Tinnitus Treatment

Generally, most patients will not need any medical intervention for ringing in ears. And, although medical science does not have a tinnitus cure yet, tinnitus and treatment options are available that work well for most people.

Of those who experience ringing in ears, the WHO (World Health Organization) states that as many as 79% of persons who experience ringing in ears have at least a mild hearing impairment (Hackenberg et al, 2023). The good news is that if hearing loss is found to be present in one or both ears, hearing aids show a high level of success to relieve the noise/ringing:

Hearing Loss and Treatment

Many with hearing loss experience ringing in the ears.  Studies have shown that approximately 67% of patients with hearing loss with ringing in the ears experience total or partial relief while wearing hearing aids. Because of this, hearing aids are the most effective first choice of treatment for ringing and buzzing in ears when hearing loss is present.

It is unclear why this treatment works so well. Researchers believe that either the hearing aids enhance sound to normal levels and thus everyday environmental sounds “mask” (cover up) ringing and hearing nerve receptors are stimulated by normal sound levels because of the hearing aid. The following videos explain this in further detail.

If the hearing test does not reveal hearing loss and no medical concern is determined as the cause, there are treatments that can help. No single treatment works for everyone, so the audiologist will discuss with you what tinnitus treatment therapy or treatment would be best for you.

There are several specially developed devices/therapies that are believed to reverse some the neural changes that occurred in the brain as a result of the hearing loss or trauma to the ear that caused the ringing. It is also believed that these sound therapies can relieve by masking the ringing sound, so that you no longer notice them.

Sound therapy is custom tailored, spectrally modified relaxation music prescribed from the patient’s soundprint match of their perception of the ringing/buzzing in the ear. The are often worn when sleeping, using earbuds to gently play the prescribed sound to help the brain suppress the tinnitus and possibly rewire neural network that caused the ringing back to what it once was.

There are several devices and apps that supplement these treatments. After visiting your audiologist and completing the hearing test and examination, they can review with you whether such a treatment would be appropriate for you.

As with sound therapy, there are several forms of behavioral therapy that statistically show great success for those troubled by the feelings of the ringing and find it difficult to stop thinking about it to such a degree it is affecting their life negatively.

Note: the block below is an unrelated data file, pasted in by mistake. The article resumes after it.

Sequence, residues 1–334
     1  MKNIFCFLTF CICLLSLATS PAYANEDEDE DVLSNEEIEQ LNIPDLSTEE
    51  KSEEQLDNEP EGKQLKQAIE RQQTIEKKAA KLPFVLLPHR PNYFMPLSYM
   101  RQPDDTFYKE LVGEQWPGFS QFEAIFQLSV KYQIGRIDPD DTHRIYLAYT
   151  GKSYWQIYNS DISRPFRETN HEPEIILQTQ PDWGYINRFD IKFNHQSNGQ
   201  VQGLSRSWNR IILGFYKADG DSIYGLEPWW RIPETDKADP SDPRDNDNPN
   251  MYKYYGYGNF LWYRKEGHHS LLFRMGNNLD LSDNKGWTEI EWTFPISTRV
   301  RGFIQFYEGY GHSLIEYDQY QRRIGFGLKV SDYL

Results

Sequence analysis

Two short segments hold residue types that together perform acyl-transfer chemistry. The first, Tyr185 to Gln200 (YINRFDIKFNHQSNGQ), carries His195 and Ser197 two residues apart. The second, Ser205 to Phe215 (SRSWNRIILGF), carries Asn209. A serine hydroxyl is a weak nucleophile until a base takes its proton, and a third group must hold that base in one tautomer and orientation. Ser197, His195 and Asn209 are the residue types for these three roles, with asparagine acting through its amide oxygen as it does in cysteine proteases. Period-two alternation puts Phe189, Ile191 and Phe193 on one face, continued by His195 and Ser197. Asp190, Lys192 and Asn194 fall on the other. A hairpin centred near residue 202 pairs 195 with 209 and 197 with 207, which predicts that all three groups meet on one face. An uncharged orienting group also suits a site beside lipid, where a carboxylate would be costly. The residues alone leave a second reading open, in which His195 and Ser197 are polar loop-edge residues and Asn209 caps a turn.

Cognitive behavioral therapy(CBT) is a relaxation technique that changes the way patients thing about and respond to the ringing in the ears. This therapy works best when combined with certain sound generators or sound therapies that match the pitch, volume and quality of the patient’s ringing or buzzing in the ears.

Tinnitus Retraining Therapy utilizes several counseling sessions with the audiologist and sound therapy to help the brain habituate, filter out and make the ringing less noticeable. The brain is ultimately “re-trained” emotionally and physiologically to no longer notice the ringing. Some studies have reported relief by as many as 80% of patients,

tinnitus
Man being treated for tinnitus with Neuromonics
woman holding a cell phone that uses the Lenire tinnitus sound therapy device with a special wrist band
artists rendering of the ear and inner ear organs that make hearing possible

What will work for Me?

There are no FDA-approved medications to alleviate the ringing and there is no clinical data to support any over-the-counter products as proven to support marketing claims they can alleviate the ringing. The different sound and cognitive therapies have show good results but are inconsistent from study to study and often lack control groups (patient who did not receive the therapy being studied even they believed they were being treated) to measure their true success.

The ringing in the ears is unique to each person, so visiting with the audiologist to find the right treatment may means trying several treatments and combinations before finding success. The first step to assessing your experience with the ringing in the ears to determine if hearing loss and/or an underlying medical condition is the reason for the ringing. The solution is to schedule a hearing test right away to determine whether hearing loss is a contributing factor.